White Light/White Heat is the second album by The Velvet Underground. It was their last with original member John Cale.
After the disappointing sales of The Velvet Underground's first album, The Velvet Underground & Nico
, the band's relationship with Andy Warhol
deteriorated. They toured most of late 1967. Many of their live performances featured noisy improvisations that would become key elements in White Light/White Heat
. The band eventually fired Warhol and Nico
, and went on to record their second album with a new producer. The album was recorded in just two days, and with a noticeably different style than The Velvet Underground and Nico
. John Cale described White Light/White Heat
as "a very rabid record...The first one had some gentility, some beauty. The second one was consciously anti-beauty." Sterling Morrison said, "We were all pulling in the same direction. We may have been dragging each other off a cliff, but we were all definitely going in the same direction. In the White Light/White Heat
era, our lives were chaos. That’s what’s reflected in the record."
The album briefly appeared on the Billboard Top 200, although only reaching the 199th position. Despite its poor sales, the distorted, feedback-driven, and roughly recorded sound on White Light/White Heat has since become a large influence on punk and experimental rock. As of September 2008, it ranks at #141 at Rate Your Music's Top Albums of All Time. It has also gained a cult following among many fans of the album.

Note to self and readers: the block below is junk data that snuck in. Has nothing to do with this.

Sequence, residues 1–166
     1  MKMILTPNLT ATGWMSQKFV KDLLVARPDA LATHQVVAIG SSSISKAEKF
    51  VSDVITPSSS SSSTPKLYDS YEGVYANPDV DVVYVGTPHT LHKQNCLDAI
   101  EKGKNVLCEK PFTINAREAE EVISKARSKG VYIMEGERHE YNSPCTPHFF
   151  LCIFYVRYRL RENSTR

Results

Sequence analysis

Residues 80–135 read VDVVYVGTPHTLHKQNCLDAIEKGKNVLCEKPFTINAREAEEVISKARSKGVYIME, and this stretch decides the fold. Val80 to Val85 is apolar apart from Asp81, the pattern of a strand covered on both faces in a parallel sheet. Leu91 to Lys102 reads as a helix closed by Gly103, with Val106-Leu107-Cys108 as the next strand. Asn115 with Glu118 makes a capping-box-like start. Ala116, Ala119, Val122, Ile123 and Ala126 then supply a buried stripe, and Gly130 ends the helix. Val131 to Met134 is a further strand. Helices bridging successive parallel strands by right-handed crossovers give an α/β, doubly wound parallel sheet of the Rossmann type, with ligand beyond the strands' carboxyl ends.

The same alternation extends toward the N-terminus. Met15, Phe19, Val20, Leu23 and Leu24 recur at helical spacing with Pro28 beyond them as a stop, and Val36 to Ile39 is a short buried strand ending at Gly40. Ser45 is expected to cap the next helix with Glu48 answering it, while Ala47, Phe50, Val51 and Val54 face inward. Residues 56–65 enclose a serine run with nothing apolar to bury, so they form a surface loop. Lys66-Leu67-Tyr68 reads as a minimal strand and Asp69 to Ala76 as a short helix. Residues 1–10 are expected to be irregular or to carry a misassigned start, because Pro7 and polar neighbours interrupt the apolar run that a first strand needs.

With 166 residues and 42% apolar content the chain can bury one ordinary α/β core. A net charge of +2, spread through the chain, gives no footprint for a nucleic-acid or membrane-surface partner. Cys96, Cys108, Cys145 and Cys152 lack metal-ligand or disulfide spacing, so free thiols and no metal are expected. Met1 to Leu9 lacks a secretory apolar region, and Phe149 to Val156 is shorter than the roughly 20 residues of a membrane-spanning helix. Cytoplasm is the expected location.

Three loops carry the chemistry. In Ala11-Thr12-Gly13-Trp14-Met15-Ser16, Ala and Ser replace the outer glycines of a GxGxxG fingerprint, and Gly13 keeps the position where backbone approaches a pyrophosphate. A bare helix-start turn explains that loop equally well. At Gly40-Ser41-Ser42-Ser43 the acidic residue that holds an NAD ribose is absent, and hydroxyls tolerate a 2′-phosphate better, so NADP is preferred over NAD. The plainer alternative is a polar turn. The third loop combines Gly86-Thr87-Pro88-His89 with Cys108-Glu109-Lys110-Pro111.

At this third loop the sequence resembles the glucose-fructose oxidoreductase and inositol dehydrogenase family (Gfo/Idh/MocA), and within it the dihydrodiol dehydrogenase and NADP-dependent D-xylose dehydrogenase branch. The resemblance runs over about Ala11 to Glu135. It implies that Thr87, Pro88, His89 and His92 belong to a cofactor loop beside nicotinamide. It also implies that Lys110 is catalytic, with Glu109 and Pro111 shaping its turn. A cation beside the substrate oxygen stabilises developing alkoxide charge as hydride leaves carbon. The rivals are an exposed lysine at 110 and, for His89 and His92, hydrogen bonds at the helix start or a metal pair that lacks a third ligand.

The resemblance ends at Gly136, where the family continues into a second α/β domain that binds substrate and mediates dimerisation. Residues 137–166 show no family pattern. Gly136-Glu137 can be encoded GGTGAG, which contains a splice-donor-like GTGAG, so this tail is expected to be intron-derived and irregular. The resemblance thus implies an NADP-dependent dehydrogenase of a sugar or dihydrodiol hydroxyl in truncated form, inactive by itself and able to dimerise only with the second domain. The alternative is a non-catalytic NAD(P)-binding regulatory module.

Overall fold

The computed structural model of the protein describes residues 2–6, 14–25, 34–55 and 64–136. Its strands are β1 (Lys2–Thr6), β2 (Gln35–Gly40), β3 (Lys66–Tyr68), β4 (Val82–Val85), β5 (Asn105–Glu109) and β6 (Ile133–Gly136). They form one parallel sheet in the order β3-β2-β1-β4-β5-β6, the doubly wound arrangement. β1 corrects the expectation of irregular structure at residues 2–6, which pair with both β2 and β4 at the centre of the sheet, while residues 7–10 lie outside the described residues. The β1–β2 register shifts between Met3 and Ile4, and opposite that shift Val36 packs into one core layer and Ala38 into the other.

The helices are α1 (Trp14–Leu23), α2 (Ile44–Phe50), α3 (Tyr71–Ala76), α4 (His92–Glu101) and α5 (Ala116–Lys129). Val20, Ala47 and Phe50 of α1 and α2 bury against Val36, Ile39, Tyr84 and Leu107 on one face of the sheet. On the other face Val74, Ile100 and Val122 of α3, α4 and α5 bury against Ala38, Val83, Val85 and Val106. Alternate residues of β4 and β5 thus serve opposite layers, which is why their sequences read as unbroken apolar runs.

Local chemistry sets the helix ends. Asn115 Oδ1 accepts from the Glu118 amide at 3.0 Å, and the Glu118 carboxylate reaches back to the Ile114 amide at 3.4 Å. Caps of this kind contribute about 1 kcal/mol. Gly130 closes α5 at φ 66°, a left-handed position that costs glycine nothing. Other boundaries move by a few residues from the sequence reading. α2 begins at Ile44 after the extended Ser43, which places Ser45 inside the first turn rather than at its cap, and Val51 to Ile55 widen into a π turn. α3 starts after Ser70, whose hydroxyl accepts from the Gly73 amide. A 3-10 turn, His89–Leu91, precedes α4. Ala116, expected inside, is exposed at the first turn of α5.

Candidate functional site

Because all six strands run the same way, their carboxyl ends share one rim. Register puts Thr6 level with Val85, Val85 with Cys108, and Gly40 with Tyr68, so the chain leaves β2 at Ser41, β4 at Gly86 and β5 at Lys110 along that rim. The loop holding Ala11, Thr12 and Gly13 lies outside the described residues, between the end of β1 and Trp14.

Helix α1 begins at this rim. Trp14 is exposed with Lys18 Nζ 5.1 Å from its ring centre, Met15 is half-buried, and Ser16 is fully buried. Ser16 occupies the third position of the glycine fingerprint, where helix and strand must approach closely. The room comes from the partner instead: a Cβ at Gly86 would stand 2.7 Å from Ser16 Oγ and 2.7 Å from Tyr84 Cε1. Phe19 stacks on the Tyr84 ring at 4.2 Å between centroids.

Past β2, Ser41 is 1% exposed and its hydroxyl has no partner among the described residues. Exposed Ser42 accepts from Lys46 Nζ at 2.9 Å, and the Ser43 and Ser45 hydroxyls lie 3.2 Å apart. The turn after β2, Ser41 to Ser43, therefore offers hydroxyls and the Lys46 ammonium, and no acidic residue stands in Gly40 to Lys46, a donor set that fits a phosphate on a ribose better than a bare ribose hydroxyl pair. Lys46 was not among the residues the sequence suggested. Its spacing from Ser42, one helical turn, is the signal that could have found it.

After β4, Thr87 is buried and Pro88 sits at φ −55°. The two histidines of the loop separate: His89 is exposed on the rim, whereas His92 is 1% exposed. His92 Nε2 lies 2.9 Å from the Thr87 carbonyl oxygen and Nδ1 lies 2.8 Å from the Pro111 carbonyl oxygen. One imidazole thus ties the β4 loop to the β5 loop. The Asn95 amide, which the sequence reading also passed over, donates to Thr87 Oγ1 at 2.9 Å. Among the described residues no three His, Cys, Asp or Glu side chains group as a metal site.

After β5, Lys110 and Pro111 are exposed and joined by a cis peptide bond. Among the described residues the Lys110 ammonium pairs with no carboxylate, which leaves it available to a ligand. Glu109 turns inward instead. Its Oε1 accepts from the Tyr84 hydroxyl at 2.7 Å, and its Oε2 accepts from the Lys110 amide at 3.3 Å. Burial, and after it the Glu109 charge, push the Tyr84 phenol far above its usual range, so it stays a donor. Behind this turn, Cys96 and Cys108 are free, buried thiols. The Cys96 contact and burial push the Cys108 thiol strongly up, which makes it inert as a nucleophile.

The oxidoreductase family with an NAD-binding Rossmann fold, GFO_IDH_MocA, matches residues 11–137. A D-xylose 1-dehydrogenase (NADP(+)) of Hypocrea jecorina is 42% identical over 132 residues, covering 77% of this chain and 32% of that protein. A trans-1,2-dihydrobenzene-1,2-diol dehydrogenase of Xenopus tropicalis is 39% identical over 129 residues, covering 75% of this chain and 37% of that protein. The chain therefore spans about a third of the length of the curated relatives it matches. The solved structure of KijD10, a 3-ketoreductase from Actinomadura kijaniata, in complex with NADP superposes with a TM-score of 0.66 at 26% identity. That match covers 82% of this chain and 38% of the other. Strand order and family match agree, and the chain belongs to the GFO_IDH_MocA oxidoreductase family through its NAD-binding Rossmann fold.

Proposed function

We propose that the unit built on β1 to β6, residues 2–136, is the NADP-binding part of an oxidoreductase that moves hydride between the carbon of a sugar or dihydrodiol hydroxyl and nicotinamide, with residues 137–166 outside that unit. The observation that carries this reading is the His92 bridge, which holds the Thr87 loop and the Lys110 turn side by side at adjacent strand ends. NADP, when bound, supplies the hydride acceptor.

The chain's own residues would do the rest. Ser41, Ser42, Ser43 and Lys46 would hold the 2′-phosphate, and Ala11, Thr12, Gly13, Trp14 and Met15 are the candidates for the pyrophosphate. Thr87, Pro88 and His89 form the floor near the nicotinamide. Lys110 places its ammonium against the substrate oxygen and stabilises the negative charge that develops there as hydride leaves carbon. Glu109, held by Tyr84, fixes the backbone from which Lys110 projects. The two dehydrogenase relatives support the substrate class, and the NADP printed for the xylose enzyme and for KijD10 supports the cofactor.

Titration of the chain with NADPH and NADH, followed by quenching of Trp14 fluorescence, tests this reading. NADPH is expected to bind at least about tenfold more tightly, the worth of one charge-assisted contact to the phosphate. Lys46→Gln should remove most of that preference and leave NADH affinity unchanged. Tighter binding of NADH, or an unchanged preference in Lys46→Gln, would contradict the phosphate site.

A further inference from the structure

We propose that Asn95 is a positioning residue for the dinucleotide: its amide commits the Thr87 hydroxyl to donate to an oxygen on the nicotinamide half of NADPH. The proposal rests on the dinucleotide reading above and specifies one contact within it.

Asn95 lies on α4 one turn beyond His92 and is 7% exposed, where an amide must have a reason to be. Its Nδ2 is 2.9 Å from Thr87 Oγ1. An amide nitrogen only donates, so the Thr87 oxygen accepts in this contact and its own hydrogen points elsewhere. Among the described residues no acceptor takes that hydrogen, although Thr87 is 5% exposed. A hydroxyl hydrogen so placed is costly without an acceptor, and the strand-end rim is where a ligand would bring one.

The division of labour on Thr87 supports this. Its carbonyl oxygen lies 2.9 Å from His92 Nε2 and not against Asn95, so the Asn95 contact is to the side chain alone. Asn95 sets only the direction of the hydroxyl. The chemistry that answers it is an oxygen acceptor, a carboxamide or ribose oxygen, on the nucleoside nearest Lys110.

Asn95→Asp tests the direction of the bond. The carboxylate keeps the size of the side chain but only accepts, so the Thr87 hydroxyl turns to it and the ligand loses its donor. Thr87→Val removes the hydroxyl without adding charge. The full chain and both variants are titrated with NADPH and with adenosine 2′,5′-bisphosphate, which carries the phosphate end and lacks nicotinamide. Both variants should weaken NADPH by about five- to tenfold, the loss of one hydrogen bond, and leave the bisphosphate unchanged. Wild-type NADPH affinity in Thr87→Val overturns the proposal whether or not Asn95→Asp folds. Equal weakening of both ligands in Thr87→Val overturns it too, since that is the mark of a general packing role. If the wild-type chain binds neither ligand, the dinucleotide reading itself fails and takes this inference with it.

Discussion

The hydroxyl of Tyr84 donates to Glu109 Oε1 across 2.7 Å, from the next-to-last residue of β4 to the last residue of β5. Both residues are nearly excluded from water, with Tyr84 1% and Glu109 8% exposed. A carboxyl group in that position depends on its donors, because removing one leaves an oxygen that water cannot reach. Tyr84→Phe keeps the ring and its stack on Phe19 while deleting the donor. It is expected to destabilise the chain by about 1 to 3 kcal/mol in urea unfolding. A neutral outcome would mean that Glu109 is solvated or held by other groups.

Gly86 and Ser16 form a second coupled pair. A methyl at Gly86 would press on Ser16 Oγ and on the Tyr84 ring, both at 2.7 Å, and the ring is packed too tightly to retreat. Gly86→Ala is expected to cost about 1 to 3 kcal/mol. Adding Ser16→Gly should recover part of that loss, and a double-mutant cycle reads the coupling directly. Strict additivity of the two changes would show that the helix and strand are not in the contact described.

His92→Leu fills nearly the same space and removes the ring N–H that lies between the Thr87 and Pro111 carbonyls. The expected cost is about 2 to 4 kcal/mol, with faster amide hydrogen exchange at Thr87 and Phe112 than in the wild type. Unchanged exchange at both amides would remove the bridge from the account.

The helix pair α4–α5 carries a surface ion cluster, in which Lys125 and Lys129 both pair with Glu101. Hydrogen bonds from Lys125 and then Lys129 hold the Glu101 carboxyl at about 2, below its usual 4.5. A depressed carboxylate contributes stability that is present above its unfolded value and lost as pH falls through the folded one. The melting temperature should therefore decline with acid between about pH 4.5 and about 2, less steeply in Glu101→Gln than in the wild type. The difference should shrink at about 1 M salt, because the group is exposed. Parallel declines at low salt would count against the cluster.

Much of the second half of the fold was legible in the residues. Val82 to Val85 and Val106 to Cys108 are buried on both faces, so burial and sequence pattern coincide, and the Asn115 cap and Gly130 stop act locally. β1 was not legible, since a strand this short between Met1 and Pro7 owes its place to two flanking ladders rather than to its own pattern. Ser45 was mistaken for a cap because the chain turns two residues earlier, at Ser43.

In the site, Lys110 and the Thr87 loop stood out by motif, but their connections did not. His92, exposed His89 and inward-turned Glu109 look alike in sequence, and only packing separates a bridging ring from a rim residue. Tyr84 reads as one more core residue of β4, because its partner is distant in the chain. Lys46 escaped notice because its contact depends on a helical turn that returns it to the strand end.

Nearly every song on the album contains some sort of experimental or avant-garde
quality. "The Gift
", for example, contains a recital of a short story
and a loud instrumental rock song playing simultaneously in two separate stereo channels. "I Heard Her Call My Name
" is notable for its distorted guitar solos and prominent use of feedback.
The album is also memorable for Lou Reed's lyrics, which often focus on themes of drug use and sexual absurdity, including the song "Lady Godiva's Operation", about a transsexual's botched lobotomy, and the title track "White Light/White Heat", which glorifies the use of amphetamine.
On the album's last track, "Sister Ray", Reed tells a tale of debauchery, while the band plays an improvised 17 minute jam around three chords verging between glam/punk and pure minimalist drone rock.
The album cover to White Light/White Heat
is a faint image of a tattoo
of a skull
. The subtle picture of the tattooed arm was photographed, enlarged and distorted by Billy Name
, one of Warhol's "Factory
" members. It is difficult to distinguish the tattoo, as the image is black, printed on a slightly lighter black background.
There also exists a unique MGM UK cover made from the late 70's to the early 80's featuring a white background and abstract toy soldiers.
- "White Light/White Heat" (Reed) – 2:47
- "The Gift" (Reed, Morrison, Cale, Tucker) – 8:18
- "Lady Godiva's Operation" (Reed) – 4:56
- "Here She Comes Now" (Reed, Morrison, Cale) – 2:04
- "I Heard Her Call My Name" (Reed) – 4:38
- "Sister Ray" (Reed, Morrison, Cale, Tucker) – 17:27
The Velvet Underground